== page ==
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The Ancient Indigenous Architecture of Microlithic Tribes

Clickable terms are red on the yellow background




Map 1. Types of human dwellings (after R. Biasutti)





  1. Evolution of human dwellings
  2. Types of huts and dwellings
  3. Architectural Taxonomy
  4. Lakeside Stilt-Dwelling with Crossed Poles



       Cliff-Dwellings and Burial Rock-Cut Caves

       Rectangular Longhouses Out of Straw and Mud

        Earth lodges and Subterranean Sancturaries

       Semidugout Zemlyankas of Lapponoid Cremators




        Tungusoid teepes, pile-huts and lake-dwellings

       Pelasgoid conical rondavel roundhouses

        Megara, palatial temples and columnal palaces

        Flat-roofed labyrinth architecture of Oriental farmers

        Rectangular wicker longhouses with thatched roofs

        Gotho-Frisian wurts, terps and half-timber longhouses

        Dome-shaped beehive huts

        Irregular multi-peaked marquee nomadic tents

        Epi-Aurignacian tepees and pile-dwellings

       Bascoid Cyclopean megalithic architecture

       Megalithic tombstones and tholoi graves

        Lapponoids lean-to and semidugout pit-house

        Turcoid dwellings and burials in rockcut caves



        Lakeland, marshland, lowland, grassland and desert ecosystems

        Multicellular labyrinths in arid subtropical lowland

        Tell-sites in oases of subtropical shrublands

        Multicellular labyrinths in arid subtropical lowland

        Tell-sites in oases of subtropical shrublands

        Oppidans: hillforts towering on high rock promontories

        Getic boroughs: villages in alluvial lowlands

        Palatial poleis and cultic spas in seaside harbours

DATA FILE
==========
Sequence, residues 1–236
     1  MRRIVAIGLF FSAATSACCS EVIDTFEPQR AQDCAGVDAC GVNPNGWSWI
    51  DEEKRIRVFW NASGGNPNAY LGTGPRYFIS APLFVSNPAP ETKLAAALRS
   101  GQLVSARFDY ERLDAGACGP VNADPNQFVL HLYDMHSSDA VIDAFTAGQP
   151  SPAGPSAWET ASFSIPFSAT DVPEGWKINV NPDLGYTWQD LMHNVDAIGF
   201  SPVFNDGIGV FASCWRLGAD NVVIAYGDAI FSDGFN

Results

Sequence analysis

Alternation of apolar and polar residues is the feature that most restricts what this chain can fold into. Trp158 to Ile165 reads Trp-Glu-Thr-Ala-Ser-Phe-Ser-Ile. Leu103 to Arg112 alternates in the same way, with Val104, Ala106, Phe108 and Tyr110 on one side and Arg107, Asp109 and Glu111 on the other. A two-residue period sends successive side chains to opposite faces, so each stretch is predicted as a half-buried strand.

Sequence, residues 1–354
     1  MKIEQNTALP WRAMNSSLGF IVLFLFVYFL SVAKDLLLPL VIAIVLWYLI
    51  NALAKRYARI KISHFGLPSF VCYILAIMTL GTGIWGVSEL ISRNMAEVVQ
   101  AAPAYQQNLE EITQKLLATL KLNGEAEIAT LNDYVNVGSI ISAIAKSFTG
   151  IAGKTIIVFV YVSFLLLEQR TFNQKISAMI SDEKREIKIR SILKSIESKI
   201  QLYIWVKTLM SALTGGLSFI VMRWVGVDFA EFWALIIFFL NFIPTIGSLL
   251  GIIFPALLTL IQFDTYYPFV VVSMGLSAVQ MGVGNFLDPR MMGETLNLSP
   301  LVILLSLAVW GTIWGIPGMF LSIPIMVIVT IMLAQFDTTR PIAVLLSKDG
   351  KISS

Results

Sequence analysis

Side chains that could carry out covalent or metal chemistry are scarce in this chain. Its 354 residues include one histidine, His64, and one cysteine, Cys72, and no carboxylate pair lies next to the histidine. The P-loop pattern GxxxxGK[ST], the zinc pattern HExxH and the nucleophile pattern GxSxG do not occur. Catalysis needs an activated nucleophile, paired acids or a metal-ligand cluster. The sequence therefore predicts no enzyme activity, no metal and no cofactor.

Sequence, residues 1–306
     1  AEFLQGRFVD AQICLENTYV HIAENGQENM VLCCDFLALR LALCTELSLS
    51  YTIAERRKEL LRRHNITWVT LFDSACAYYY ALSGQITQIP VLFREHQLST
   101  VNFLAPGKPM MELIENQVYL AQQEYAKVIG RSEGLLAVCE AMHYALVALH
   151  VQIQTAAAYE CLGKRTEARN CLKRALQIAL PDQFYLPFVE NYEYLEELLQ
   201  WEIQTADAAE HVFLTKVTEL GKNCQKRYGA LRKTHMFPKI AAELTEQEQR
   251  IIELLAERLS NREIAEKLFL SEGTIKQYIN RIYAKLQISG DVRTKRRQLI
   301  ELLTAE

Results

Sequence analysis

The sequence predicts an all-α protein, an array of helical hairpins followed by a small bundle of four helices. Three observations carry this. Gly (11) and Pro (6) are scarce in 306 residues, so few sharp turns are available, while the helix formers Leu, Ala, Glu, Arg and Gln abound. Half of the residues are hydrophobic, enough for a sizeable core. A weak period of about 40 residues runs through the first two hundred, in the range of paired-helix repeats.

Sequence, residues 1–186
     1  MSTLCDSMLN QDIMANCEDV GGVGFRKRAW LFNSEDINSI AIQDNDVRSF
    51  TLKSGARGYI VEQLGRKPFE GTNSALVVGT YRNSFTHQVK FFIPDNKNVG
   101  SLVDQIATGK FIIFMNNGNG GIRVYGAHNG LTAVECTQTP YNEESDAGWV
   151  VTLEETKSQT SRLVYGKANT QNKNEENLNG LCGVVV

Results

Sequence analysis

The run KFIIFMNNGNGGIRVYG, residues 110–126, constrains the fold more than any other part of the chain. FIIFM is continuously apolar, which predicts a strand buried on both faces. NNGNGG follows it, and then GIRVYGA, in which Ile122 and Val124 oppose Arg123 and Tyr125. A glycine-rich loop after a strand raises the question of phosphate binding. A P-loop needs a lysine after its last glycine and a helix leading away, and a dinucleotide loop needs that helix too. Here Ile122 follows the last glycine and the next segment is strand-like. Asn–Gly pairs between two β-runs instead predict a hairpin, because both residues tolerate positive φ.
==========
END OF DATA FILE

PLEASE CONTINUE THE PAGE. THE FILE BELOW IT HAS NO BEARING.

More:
Straight streets and alleys of lake-dwellings



Cliff-Dwellings and Burial Rock-Cut Caves


Argillae. The Cimmerian cliff-dwellings were dugouts and souterrains cut into cliffs. They appeared in misty regions veiled in gloomy clouds and dense fog where the sun never shone and never showed its face. Ephoros, himself a native from Cyme in Asia Minor, attributed Cumae in Italy to the Cimmerians. He explained that their permanent homes were in rock-cut subterraneans called argillae. In deep subterranean caves they had oracles and priests who never saw the sun and were allowed to go out only at night. They drank water from a well at the bottom of their subterranean temple. They believed that it was linked with the Styx and sprang from mineral springs (Strabo IV, 4, 5). Argil(l)a probably corresponds to the Rumanian expression argea hut and Albanian ragl hut (Georgiev 1985: 5; 1977: 11).

Geryons caves. According to the Old Irish chronicle Lebar Gebàla, the earliest inhabitants of Ireland were called fomoire. They lived in submarine crags and caves on ragged cliffs towering like glass castles over the sea. The description of their vertical rock-cut towers reminds us of Geryons submarine caves mentioned by Greek myths. Geryon was another hero of Iapethos progeny, he was Typhons son and Chimairas brother. He inhabited submarine crags that were accessible only through the entrances submerged in the water. In these caves Cimmerians deposed the bones of their forefathers and their warriors met to practice chthonic cults with feasts on human victims.

Strabo gives a vivid description of the subterranean caves called argillae used by the Cimbri at Cumae in Italy. They were dug in rocks as vertical towers and at their bottom there was a sacred well where visitors threw gold coins. Cave-dwellings were characteristic also of the Kelteminar culture (4,000 BC) east of the Caspian Sea. Their inhabitants were people of Turkic stock.